# Why does an increase of airspeed result in a decrease of angle of attack?

In Chapter 02: Aerodynamics of Flight of Helicopter Flying Handbook, on page 10, it says:

Induced flow velocity is increased, resulting in a decrease in AOA.

I don't understand how airspeed can change AOA. Looking at other posts on the topic, it seems that everybody assumes that to be true without an explanation. Can anyone tell me why?

PS: the statement above explains why there is a positive stall region in a helicopter's retreating blades when the rotor speed is too fast.

• Depends on what's being held constant. To maintain a constant amount of lift, less AOA is required at higher airspeed. Or (in the case of a fixed wing), shove in the power, hold AOA constant, and start climbing. Go back to your source and see what assumptions (or controls) are being applied -- is blade pitch being controlled so as to keep the lift vector constant?
– Ralph J
Commented May 16, 2019 at 23:53
• @Holding Arthur my answer addresses the main question you seem to be asking-- do you also want to ask why changes in forward airspeed affect the angle-of-attack of the forward and retreating blades and may cause part of the rotor disk to be stalled? That would best be a separate question I think. Commented May 17, 2019 at 4:16
• @quietflyer You answer is good. Let's save that for another time. Commented May 17, 2019 at 9:16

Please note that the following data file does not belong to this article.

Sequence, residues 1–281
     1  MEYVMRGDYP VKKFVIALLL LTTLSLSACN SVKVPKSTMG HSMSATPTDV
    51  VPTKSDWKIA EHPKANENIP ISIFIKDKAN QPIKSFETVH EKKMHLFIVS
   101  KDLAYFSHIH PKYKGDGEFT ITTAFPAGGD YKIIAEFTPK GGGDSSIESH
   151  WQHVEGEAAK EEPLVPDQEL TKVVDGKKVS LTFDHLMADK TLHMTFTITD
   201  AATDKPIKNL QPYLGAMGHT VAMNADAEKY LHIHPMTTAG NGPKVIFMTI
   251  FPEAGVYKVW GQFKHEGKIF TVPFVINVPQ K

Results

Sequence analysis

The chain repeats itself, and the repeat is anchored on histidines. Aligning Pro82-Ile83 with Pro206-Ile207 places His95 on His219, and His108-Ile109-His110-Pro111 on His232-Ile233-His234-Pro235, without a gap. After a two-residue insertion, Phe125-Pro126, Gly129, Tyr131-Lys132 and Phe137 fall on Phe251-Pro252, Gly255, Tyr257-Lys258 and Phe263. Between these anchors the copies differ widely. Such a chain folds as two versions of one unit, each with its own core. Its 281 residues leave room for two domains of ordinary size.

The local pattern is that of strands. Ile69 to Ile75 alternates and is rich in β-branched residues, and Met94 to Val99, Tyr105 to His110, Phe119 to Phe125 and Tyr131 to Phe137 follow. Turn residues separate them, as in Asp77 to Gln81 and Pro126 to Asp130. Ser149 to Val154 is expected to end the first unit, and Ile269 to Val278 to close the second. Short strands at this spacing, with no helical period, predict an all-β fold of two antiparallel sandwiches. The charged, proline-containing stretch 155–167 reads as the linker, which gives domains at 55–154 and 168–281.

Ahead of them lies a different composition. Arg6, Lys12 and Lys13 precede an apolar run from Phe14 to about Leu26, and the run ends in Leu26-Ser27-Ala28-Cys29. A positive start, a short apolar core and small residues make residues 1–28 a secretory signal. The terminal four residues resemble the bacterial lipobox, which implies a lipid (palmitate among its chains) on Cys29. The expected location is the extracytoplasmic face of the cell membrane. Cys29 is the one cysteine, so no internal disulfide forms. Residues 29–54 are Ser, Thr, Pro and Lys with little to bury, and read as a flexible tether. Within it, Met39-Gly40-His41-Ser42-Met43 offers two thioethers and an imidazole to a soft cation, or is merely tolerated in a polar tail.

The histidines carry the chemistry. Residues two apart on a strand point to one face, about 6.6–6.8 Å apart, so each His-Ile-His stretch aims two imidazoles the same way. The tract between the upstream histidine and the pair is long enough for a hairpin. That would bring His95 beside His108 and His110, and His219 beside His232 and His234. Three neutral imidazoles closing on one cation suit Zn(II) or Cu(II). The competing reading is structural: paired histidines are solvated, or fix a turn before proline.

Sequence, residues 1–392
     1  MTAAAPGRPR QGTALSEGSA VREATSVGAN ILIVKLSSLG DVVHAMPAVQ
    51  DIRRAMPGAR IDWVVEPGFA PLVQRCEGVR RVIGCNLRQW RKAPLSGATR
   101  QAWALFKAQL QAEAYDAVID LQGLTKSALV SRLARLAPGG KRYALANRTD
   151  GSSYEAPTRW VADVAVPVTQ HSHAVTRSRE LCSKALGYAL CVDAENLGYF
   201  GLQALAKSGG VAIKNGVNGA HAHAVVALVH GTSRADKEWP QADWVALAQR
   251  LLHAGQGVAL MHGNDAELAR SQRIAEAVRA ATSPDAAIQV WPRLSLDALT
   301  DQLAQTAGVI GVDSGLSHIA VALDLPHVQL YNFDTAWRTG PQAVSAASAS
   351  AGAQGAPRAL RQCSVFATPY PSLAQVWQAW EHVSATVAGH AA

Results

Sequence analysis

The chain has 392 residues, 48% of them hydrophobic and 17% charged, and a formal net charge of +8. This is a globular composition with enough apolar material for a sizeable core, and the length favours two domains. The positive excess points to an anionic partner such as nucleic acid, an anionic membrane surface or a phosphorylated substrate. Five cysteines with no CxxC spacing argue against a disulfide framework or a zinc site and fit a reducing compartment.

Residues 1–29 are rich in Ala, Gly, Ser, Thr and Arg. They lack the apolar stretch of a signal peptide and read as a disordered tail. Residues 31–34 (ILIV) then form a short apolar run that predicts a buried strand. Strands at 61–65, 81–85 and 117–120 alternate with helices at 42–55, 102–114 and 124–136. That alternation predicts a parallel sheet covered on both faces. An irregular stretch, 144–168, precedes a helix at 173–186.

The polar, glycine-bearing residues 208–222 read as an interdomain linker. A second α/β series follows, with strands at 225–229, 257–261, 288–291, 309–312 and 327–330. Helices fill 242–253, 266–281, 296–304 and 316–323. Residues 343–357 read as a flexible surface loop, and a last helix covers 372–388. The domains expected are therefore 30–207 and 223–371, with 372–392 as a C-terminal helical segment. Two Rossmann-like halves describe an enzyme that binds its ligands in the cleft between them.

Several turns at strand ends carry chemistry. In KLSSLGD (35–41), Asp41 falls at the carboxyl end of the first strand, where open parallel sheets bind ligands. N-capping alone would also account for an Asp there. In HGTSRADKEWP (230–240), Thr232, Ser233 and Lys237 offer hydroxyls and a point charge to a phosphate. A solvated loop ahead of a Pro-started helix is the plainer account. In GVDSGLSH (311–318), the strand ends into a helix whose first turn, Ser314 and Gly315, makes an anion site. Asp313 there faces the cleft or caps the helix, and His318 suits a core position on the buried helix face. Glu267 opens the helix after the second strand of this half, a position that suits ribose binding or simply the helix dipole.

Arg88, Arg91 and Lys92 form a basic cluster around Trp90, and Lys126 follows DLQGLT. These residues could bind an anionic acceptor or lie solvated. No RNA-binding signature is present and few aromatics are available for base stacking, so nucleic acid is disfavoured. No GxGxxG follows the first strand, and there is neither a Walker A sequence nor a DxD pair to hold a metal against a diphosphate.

On page 2-10 under the heading "Induced Flow (Downwash)", the book is making the point that if you have a wing moving forward horizontally at some fixed speed relative to the ground and some fixed positive pitch attitude relative to the horizon, and you surround the wing with a descending airmass, the wing's angle-of-attack will be less than if the airmass were not descending. A rotor blade of a helicopter can be viewed as such a wing, at least at a given instant in time.

The book is using the term "induced flow velocity" specifically to refer to the downward velocity of the airmass caused (induced) by the rotor blades. I.e., downwash.

The exact sentence you quoted was under the subheading "Out of Ground Effect (OGE)". Since the ground is no longer acting like a "floor" to impede the downflow of air through the rotor system, you have more downflow than you would in ground effect.

If you were hovering in ground effect and the ground suddenly disappeared, the downflow velocity would increase and the angle-of-attack of rotor blades would decrease.

The induced flow is the flow pulled through the helicopter blades, which is largest in the hover out of ground effect.

Adding a vertical speed pointing straight down to the relative blade speed, decreases the angle with the resulting velocity vector.

To express it at the most basic level:

• Lift is created by deflecting a flow of air downwards. Either a large mass of air is deflected a little or a small mass of air is deflected a lot.
• The angle of attack controls (within limits) how large the deflection angle is.
• Speed determines how much air can be deflected per unit of time.

The higher the speed, the higher the mass of air available for deflection. For the same lift, a higher mass of air needs less deflection, therefore, less angle of attack.

There's a small but significant mistake in the FAA handbook. As your airspeed increases there is a reduction in induced flow, resulting in a decrease in blade AOA.

Another way of thinking about it is to consider a fixed wing airplane as it speeds up. To maintain the same amount of lift as it accelerates, the coefficient of lift and angle of attack go down. The same is true for the advancing blade of helicopter. Until you reach the bottom of the power required bucket the reverse flow region on the retreating blade is quite small and not too significant.